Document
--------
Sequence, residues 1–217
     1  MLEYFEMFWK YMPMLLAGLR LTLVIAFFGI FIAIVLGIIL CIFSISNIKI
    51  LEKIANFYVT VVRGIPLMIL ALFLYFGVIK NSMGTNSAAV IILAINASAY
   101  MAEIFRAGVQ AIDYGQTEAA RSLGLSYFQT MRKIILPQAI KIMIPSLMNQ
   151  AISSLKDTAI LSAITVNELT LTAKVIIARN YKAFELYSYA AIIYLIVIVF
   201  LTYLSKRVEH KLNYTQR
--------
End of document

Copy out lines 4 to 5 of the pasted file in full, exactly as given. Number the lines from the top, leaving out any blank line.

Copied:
   101  MAEIFRAGVQ AIDYGQTEAA RSLGLSYFQT MRKIILPQAI KIMIPSLMNQ
   151  AISSLKDTAI LSAITVNELT LTAKVIIARN YKAFELYSYA AIIYLIVIVF